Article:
11 Information-based features are background information that supplements news, sports and weather forecasts, allowing for customized information and deeper stories. Programming-based features are the devices through which users can pick and choose what to view such as TV schedule, simulcast or video-on-demand which is basically the webcasting of TV programs. The expected strong growth of interactive television using cable set-top boxes in this decade (The Carmel Group, 2000; Swann, 2000) has led to heavy investment both on web sites and other interactive TV technology development. Interactivity is believed to be the future of television and cable technology. Yet the benefit of interactivity is still more a marketers wish than a consumer reality (Ha & James, 1998; Lake, 2001). The content of interactive TV is very much based on the enhanced TV features already used in web sites. In addition to the programming benefits, cable companies and programming networks alike put high hopes on the additional revenue that interactive shopping (TV-commerce) can bring to them. They expect that viewers will become buyers by purchasing immediately the products being featured in a TV show (Fitzgerald, 2000; McKay, 2000). Significance of the Study to the Cable Industry Subscriber loyalty is especially important for cable companies because the majority of their revenues come from subscription fees. With the advent of more than 200 national cable networks, the competition for cable subscribers and system operators support is fierce. The Web, becomes an important brand extension for cable networks to strengthen viewer loyalty and attract new subscribers. Cable networks which are using or considering providing enhanced TV features will benefit greatly from the findings of this study. First, the findings of the study can provide cable advertisers with the effectiveness of enhanced TV on branding and TV commerce value. The

12 heavy cost in developing and maintaining enhanced TV features especially those involving simulcasting and interactive real-time games on a web site mandates a closer look at the returns they offer on investment. Cable TV networks may assume their web sites can attract nonsubscribers and that subscribers will use their web sites to enhance their viewing experience. However, how many TV viewers know these features and utilize these features on these web sites is not known at all. An overly optimistic projection of audience usage will lead to an excessive investment in the web site before it can yield any profitable return to the network. Any disappointing results may lead to termination of the features if the cost is deemed high and the future is uncertain. Already many layoffs in their Internet operations have been announced by cable networks such as CNN and CNET. Second, according to the brand extension theory (Aaker & Keller, 1990), when a cable TV web site is seen by viewers as a close sister product of cable TV network (an Internet version of the Cable TV brand), not a competing substitute (Ferguson & Perse, 2000), consumers will embrace the Internet presence. It will strengthen the brand equity of the network. A move to the Internet will become an indispensable need for a cable network to survive in the increasingly competitive marketplace where viewers can easily get lost in the jungle of numerous program service providers (Becker & Schoenbach, 1989; Schlosberg, 2000b). Third, this study will not only benefit existing cable network companies, but also facilitates cable system operators in evaluating attractiveness and potential of different cable networks by their Internet brand. To new cable networks that are planning to use the Web to launch and promote their networks, results of this study can give them important audience insights and select the most effective enhanced TV features for their networks. In addition, the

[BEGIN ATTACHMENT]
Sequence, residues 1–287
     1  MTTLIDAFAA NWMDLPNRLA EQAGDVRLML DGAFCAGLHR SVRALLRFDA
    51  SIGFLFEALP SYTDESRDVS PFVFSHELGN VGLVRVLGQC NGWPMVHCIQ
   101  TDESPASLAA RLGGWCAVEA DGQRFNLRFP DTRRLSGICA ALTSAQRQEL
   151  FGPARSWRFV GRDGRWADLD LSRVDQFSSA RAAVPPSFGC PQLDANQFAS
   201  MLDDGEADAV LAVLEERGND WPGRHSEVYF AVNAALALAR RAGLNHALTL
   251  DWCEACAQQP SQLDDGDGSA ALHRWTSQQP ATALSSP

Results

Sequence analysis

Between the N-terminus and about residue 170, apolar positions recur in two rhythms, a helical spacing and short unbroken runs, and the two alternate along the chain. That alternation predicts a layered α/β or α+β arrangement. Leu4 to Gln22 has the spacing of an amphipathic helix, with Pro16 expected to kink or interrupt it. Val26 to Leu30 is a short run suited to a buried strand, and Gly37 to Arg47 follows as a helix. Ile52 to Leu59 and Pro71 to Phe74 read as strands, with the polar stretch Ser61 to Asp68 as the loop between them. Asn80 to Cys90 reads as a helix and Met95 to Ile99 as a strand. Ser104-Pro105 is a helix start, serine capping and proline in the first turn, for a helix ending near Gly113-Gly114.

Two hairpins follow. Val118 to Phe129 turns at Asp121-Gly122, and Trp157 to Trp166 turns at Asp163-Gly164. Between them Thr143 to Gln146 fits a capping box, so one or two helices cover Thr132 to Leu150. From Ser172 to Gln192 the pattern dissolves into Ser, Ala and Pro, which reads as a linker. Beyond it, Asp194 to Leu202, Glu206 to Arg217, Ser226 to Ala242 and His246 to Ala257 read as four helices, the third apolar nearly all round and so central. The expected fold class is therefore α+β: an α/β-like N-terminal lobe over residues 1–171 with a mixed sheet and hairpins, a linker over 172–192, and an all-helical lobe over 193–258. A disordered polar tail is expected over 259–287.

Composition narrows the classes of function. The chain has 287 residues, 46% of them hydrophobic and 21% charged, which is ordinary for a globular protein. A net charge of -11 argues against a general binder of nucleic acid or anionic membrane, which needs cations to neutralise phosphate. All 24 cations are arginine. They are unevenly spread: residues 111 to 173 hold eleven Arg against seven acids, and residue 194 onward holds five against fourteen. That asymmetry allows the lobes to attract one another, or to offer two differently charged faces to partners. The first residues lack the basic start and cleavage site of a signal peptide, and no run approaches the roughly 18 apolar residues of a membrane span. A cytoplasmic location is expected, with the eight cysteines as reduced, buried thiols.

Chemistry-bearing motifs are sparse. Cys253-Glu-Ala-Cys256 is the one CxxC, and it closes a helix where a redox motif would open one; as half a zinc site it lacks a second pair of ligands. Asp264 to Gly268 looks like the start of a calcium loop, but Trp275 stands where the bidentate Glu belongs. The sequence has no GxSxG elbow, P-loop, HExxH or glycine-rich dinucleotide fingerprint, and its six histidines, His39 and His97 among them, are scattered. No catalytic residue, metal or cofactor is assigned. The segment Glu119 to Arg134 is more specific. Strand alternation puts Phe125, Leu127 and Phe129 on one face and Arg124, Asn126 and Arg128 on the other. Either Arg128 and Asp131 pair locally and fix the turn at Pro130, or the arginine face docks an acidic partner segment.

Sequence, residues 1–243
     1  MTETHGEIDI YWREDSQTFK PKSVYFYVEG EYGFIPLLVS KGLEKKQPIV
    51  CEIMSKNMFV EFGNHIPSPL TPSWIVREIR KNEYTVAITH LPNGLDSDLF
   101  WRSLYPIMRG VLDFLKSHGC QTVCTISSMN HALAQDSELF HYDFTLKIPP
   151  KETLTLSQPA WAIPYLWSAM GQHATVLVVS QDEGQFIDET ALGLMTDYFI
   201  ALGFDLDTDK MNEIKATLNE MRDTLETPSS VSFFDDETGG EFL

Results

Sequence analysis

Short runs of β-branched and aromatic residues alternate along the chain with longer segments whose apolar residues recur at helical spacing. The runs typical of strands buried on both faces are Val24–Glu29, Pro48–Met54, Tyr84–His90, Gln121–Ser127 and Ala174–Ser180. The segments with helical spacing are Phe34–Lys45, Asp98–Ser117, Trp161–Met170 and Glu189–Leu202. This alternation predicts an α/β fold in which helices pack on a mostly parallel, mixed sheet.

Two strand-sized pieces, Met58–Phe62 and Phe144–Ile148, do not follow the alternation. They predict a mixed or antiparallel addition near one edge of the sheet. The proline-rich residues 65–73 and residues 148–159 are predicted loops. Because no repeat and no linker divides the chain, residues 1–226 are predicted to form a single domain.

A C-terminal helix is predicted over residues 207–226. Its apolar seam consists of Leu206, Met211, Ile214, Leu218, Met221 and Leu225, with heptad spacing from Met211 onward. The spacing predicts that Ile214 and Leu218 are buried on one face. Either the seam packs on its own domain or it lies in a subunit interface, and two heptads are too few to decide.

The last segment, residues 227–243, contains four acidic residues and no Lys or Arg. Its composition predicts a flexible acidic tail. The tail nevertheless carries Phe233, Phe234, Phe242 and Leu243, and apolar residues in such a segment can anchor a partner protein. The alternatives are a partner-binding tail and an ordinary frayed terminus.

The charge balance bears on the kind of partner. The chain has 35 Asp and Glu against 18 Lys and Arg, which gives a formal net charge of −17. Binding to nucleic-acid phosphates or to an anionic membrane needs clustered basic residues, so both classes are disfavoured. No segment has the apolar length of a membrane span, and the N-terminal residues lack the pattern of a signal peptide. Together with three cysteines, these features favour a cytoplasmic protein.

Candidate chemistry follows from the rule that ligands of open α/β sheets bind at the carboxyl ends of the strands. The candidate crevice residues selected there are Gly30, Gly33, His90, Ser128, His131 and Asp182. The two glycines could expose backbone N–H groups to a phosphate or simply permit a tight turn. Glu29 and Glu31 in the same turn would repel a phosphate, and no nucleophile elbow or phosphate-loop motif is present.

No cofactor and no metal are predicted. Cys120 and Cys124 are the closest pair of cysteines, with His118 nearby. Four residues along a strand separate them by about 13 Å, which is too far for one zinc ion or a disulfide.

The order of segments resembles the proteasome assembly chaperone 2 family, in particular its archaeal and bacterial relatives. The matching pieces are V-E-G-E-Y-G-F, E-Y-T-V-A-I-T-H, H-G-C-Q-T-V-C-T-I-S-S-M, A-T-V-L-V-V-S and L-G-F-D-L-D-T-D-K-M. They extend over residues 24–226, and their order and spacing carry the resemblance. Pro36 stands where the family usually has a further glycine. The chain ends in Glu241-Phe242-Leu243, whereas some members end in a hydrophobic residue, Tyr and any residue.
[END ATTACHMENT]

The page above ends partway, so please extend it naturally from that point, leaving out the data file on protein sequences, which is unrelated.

13 usage of enhanced TV will increase the demand for broadband access in which cable companies are vying for a larger share in the business. The society at large will also get a better understanding on how Web users are being affected by the enhanced TV features. One possible effect is that enhanced TV creates more TV addicts who are parasocial and unable to communicate with real people (Mcllwraith, 1998). Another effect is that it may cultivate TV viewers to be impulsive consumers spending extra money for products shown or advertised on these web sites (Abercrombie & Longhurst, 1998; Ang, 1996; Shanahan & Morgan, 1999; Webster & Phalen, 1997; Zubayr, 1999). Before the cable TV industry is being blamed for stimulating unnecessary purchase and consumption by critics, the industry should also have an idea of how this may create undesirable economic and social consequences to the users. This study is a modification of a pilot study conducted to a college student sample on their enhanced TV experience in broadcast TV web sites. The results of that study indicated that despite free Internet access on campus and in residential halls, many college students seldom visit TV networks web sites, but they have high awareness of the enhanced TV features after exposure to the networks web site (Ha and Chan-Olmsted, 2001). Literature Review Prior Research on TV Web Sites and Enhanced TV Enhanced TV, as a product of the Internet, is a new phenomenon with little systematic research studies on it. Ha and Chan-Olmsted (2001) have been pioneers on this area and used a rigorous Solomons four group experiment to assess the impact of enhanced TV on TV brand loyalty and interest in TV commerce. Their initial experiment with students found low interest in TV commerce before and after the web site exposure and such low interest do not differ